APUS Period 7
March 8, 2010
The Treaty of Paris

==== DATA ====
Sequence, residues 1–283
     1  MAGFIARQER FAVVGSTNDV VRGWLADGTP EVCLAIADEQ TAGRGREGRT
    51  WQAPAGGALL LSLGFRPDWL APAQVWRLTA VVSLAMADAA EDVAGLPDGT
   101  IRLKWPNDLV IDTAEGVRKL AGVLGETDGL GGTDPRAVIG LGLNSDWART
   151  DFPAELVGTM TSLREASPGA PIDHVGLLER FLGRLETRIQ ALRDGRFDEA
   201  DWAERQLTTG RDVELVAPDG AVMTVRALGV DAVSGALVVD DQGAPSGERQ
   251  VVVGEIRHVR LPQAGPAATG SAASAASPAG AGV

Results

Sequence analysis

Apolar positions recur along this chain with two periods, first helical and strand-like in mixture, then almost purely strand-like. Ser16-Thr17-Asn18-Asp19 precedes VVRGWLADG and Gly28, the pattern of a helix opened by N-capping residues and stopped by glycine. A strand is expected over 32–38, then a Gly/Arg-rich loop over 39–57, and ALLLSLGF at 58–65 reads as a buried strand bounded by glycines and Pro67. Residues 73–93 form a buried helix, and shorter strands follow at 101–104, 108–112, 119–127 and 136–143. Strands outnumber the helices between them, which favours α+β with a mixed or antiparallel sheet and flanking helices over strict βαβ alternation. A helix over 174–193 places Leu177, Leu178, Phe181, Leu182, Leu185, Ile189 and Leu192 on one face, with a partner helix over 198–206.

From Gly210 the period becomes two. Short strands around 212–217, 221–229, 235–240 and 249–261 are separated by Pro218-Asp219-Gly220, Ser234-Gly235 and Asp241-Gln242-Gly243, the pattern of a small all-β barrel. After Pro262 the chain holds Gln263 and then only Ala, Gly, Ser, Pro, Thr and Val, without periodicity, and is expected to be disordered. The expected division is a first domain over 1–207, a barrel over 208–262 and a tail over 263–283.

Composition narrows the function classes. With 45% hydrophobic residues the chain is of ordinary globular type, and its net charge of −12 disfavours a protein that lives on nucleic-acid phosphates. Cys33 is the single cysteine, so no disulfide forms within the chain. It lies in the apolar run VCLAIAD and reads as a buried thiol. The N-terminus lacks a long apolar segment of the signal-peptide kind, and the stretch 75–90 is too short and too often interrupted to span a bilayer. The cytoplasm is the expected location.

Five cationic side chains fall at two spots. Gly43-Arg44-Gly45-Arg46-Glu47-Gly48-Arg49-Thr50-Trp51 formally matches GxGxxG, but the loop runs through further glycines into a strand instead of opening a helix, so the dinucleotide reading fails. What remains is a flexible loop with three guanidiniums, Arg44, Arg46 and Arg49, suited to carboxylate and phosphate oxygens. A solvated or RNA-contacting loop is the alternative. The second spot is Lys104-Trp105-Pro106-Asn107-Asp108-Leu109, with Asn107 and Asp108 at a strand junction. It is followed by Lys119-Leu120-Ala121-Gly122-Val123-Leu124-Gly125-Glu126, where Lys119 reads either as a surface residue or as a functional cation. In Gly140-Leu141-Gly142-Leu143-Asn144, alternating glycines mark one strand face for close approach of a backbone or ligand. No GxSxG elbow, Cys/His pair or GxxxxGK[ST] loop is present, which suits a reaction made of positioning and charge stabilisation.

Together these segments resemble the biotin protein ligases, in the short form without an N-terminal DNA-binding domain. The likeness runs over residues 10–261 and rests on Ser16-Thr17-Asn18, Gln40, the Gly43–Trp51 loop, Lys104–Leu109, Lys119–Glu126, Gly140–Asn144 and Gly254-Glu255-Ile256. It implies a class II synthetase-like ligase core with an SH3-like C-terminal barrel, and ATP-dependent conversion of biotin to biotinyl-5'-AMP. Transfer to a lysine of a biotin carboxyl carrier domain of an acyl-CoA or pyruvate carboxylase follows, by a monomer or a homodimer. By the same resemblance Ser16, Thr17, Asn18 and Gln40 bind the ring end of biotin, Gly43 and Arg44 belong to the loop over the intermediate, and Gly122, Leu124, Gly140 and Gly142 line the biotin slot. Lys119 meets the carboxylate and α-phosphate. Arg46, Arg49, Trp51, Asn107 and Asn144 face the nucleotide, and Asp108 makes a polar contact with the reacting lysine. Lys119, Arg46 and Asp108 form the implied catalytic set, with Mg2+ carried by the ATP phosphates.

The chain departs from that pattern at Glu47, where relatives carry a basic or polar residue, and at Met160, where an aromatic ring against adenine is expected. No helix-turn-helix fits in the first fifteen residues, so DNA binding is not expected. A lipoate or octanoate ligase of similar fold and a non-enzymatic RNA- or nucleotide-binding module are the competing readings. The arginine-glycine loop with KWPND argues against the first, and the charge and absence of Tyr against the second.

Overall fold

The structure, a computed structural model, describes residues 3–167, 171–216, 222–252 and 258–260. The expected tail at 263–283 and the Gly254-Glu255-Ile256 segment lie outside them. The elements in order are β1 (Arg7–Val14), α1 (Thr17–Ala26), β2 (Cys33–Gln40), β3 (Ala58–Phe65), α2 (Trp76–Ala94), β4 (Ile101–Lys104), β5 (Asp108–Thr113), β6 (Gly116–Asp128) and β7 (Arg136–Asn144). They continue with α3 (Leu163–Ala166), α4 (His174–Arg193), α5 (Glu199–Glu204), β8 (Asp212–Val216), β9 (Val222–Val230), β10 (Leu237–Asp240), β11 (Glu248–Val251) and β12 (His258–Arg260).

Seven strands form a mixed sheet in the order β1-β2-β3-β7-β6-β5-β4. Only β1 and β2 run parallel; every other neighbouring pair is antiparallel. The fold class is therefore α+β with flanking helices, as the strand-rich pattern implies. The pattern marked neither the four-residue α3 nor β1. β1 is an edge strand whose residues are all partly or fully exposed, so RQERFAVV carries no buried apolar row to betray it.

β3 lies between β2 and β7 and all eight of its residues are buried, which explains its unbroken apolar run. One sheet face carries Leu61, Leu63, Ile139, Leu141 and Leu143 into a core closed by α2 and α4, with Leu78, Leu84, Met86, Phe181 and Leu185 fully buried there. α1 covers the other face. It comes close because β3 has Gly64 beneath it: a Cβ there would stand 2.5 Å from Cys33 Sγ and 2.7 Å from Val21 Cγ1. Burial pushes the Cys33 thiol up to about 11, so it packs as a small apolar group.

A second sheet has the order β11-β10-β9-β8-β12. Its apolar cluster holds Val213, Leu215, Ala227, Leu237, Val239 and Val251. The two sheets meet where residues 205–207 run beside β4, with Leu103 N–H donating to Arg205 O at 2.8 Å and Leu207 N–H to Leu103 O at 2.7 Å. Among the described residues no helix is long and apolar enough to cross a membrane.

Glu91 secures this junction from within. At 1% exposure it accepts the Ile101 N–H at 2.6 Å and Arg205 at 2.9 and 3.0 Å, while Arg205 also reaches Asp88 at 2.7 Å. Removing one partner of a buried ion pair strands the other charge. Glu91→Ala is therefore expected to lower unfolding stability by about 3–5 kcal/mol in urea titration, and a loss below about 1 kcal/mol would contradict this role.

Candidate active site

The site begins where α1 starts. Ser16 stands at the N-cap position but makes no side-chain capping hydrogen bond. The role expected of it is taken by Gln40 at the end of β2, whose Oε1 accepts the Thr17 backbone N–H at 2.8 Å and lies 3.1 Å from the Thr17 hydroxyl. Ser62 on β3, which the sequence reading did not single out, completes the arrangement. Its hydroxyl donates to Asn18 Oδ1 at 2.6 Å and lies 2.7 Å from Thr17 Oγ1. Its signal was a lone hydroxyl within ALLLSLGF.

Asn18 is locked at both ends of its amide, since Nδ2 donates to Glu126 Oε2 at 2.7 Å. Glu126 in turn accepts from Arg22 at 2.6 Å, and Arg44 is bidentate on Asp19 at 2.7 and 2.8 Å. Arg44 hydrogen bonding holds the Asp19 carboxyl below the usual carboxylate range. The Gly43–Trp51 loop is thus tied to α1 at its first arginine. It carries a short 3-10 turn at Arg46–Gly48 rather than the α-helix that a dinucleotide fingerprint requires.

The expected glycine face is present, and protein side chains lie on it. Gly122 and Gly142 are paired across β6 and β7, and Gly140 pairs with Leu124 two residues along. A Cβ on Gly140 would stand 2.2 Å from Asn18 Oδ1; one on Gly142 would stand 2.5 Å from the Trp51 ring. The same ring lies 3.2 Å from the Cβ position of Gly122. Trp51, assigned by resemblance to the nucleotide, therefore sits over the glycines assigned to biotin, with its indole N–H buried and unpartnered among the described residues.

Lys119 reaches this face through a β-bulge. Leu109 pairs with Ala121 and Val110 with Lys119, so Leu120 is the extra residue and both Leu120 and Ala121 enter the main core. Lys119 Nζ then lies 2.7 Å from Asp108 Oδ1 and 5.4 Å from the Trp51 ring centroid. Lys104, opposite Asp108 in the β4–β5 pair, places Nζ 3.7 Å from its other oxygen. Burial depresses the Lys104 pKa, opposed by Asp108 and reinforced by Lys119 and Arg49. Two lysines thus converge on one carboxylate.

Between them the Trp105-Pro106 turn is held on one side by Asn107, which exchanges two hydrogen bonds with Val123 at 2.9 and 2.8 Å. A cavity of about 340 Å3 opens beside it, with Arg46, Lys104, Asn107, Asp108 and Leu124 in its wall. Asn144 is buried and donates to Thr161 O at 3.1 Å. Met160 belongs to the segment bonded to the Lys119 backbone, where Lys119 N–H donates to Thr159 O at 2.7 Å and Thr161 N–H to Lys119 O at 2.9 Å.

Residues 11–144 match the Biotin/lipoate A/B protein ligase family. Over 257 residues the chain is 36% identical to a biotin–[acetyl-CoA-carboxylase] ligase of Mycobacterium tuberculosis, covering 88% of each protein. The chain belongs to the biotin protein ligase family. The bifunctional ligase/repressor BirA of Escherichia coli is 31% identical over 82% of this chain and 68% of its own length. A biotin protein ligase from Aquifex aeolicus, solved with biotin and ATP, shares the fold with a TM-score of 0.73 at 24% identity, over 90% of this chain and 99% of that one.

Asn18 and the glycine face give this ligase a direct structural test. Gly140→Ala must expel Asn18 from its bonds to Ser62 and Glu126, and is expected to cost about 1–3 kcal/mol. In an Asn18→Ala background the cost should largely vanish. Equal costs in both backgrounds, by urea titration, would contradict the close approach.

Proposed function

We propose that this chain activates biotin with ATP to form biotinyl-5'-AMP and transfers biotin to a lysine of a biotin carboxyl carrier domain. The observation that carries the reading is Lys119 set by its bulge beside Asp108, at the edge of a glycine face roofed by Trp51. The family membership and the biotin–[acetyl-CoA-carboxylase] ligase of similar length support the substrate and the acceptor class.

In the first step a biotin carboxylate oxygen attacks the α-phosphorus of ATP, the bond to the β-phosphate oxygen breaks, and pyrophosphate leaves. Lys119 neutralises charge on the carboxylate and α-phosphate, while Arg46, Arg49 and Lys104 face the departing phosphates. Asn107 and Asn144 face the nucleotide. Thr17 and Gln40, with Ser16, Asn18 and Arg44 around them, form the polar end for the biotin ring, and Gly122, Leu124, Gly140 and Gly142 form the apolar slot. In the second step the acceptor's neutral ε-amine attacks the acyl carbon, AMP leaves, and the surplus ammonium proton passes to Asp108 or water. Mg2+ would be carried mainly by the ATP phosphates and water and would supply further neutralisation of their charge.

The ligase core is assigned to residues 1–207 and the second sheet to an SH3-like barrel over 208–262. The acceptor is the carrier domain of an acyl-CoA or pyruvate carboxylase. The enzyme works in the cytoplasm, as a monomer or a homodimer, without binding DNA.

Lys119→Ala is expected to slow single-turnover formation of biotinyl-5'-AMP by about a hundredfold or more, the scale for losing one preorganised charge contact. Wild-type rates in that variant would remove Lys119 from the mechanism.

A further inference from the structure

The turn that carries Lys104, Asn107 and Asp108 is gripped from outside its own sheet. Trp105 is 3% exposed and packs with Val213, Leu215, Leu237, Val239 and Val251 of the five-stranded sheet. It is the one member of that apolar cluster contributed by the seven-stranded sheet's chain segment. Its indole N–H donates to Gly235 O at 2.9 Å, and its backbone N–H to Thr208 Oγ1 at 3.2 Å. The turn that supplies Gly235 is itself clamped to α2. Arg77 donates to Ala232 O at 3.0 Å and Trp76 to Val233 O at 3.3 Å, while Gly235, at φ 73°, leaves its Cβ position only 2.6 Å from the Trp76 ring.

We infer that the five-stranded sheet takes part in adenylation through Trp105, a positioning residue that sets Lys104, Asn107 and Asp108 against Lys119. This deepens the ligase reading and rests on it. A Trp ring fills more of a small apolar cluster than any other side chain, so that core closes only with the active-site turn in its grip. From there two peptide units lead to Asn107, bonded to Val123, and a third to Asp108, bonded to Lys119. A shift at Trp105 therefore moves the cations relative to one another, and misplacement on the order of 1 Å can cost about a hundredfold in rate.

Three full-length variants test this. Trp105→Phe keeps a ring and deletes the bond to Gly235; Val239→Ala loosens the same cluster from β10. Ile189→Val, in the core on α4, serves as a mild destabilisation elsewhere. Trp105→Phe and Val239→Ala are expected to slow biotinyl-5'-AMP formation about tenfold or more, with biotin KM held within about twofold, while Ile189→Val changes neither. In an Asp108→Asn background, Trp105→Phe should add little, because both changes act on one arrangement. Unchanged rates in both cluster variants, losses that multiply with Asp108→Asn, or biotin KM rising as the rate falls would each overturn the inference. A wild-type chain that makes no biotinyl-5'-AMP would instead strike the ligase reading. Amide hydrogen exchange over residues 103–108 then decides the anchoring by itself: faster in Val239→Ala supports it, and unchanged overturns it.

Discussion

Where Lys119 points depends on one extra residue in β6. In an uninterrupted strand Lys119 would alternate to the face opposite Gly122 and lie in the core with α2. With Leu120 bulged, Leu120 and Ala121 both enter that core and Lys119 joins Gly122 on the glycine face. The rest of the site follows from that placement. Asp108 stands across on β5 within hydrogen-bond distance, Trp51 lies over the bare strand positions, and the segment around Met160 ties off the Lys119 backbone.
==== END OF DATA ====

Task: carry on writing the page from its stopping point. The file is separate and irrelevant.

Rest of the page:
In the late nineteenth century, America was involved in an insurrection called the Spanish American War. Trying to end the fighting, a small group was sent to negotiate a treaty with Spain. The treaty called for the surrender of Puerto Rico, Guam and the Philippines to the United States. However, not everyone advocated this treaty. There were many factors that were debated during the ratification of the Treaty of Paris. The deciding factors of ratification were McKinley’s unsuccessful attempts at revising the treaty, the upholding of the constitution and McKinley’s campaign in America. President McKinley weighed many alternatives to annexation, but none were deemed as excellent ideas. First he proposed that he simply give them to another nation. Many nations including: Germany, Great Britain, Japan and Russia expressed interest in the area, but McKinley knew that the Philippines would fall if placed in their hands. He thought about independence, but was quickly persuaded out of the idea by Christian groups and the instability of the country. Many people, including Theodore Roosevelt, thought that it was “the white man’s burden” to Christianize the Filipinos, as stated in Kiplings’s poem. “Take up the White Man's burden--Send forth the best ye breed--Go bind your sons to exile, To serve your captives' need; To wait in heavy harness, On fluttered folk and wild--Your new-caught, sullen peoples, Half-devil and half-child.” (Doc I). This poem shows how these people wanted to annex the Philippines just to convert the natives. William Jenning Bryant stated to the New York Times that “it will be easier to end the war at once by ratifying the treaty and then deal with the subject in our own way” (Doc C). There were many different opinions on what to do with the Philippines, but he saw this was the best way to put an end to the conflicts. With the war over, he thought it would be easier to...
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